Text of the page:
Globally Harmonized System - Environmental Health and Safety

Globally Harmonized System’s (GHS)
Classification and Labeling of Chemicals
Hazard Communication Standard (HCS)
Globally Harmonized System
The following slides contain information you should know regarding
OSHA’s updated Hazard Communication Standard (HazCom 2012) and
the Globally Harmonized System of Classification and Labeling of
Chemicals (GHS).
GHS and HazComm
HazCom 2012: OSHA standard 29CFR 1910.1200, modified in
to state that the United States will abide by
and train on the new GHS
criteria, including
Hazard Classifications, Labels, Safety Data Sheets
(SDS) and Training
GHS: provides a single set of harmonized criteria for classifying
chemicals according to their health and physical hazards;
specifies required hazard communication elements and
formats for labeling and Safety Data Sheets (SDS)
The official guide to the new Hazard Communication Standard
(HazCom 2012) is called the The Purple Book:
The Globally Harmonized System of Classification and Labelling of
Chemicals (GHS)
and may be found on OSHA’s website:
OSHA’s video explaining these changes:
GHS and HazComm
From the Purple Book, the reason OSHA is adopting this new system:
It is anticipated that application of the GHS will:
• Enhance the protection of human health and the environment by providing an
internationally comprehensible system
• Provide a recognized framework to develop regulations for those countries without
existing systems
• Facilitate international trade in chemicals whose hazards have been identified on an
international basis
• Reduce the need for testing and evaluation against multiple classification systems
The tangible benefits to governments are:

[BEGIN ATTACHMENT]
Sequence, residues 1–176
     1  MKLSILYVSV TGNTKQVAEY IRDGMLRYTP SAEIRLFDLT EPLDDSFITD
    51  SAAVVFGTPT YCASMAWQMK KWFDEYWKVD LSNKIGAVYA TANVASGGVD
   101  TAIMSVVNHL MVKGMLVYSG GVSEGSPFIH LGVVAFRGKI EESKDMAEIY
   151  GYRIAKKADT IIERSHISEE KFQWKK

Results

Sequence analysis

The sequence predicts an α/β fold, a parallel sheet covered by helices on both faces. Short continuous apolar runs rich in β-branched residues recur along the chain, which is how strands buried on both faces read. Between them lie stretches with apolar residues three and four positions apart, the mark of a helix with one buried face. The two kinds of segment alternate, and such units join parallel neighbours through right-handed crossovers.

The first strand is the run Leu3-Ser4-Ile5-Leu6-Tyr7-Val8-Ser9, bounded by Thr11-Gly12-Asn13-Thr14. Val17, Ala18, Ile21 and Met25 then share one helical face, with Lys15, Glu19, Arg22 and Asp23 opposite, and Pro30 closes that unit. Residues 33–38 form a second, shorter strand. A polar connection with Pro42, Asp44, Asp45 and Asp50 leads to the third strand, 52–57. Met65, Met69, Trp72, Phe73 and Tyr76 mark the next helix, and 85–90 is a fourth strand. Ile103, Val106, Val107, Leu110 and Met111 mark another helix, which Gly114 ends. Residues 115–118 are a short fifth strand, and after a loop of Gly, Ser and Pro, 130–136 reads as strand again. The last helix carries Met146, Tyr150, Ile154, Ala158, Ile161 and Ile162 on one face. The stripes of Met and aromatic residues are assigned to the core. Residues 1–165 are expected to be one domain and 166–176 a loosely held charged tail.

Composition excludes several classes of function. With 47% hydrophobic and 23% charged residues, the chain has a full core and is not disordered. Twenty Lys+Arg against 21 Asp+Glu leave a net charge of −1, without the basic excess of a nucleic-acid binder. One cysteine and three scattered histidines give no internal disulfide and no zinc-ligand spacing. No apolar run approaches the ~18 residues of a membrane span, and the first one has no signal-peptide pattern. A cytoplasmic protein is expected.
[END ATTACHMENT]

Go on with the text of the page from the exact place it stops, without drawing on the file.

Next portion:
Fewer chemical accidents and incidents
Lower health care costs
Improved protection of workers and the public from chemical hazards
Avoiding duplication of effort in creating national systems
Reduction in the costs of enforcement
Improved reputation on chemical issues, both domestically and internationally
GHS and HazComm
cont. - From the Purple Book, the reason OSHA is adopting this new system:
Some of the benefits to companies listed in the Purple Book include:
safer work environment
increased efficiency
maximize expert resources
reduced costs due to fewer accidents and illnesses
improved corporate image and credibility
Benefits to workers and members of the public include:
• improved safety through consistent and simplified communications on chemical
hazards and practices
• greater awareness of hazards, resulting in safer use of chemicals
GHS and HazComm
The reason OSHA is adopting this new system:
Facts about GHS:
• It was developed by the United Nations as a way to collaborate agreement on chemical
regulations and standards with participating countries.
• It is hoped that GHS will make international sale and transportation of hazardous chemicals easier
and make workplace conditions safer.
• U.S. officially adopted GHS on March 26, 2012. OSHA’s adoption is actually a revision of the
HCS to align with GHS. OSHA calls this revision HazCom 2012.
• GHS is not a global law or regulation, but a set of recommendations or collection of best
practices. No country is obligated to adopt all or any part of the GHS. Countries can pick and
choose which parts of the GHS they wish to incorporate into their own regulations, and they are
responsible for its enforcement.
• To date, over 65 countries have adopted GHS or are in the process of doing so.
• Biggest changes for those adopting GHS will be safety labels, SDSs, and chemical classification.
• Biggest costs to businesses is to re-classify all chemicals using GHS criteria and train workers on
these changes.
GHS and HazComm
The reason OSHA is adopting this new system:
Facts about GHS (cont.):
GHS is meant to be a logical and comprehensive approach to:
1. Defining health, physical and environmental hazards of chemicals (although environmental
hazards are outside OSHA’s jurisdiction)
2. Creating classification processes that use available data on chemicals for comparison with the
defined hazard criteria
3. Communicating hazard information in a prescribed and uniform way on labels and SDS
 In the U.S., GHS adoption is under the domain of OSHA, EPA, DOT and Consumer Product
Safety Commission (CPSC).
 DOT was actually the first agency to implement GHS; OSHA’s adoption brings the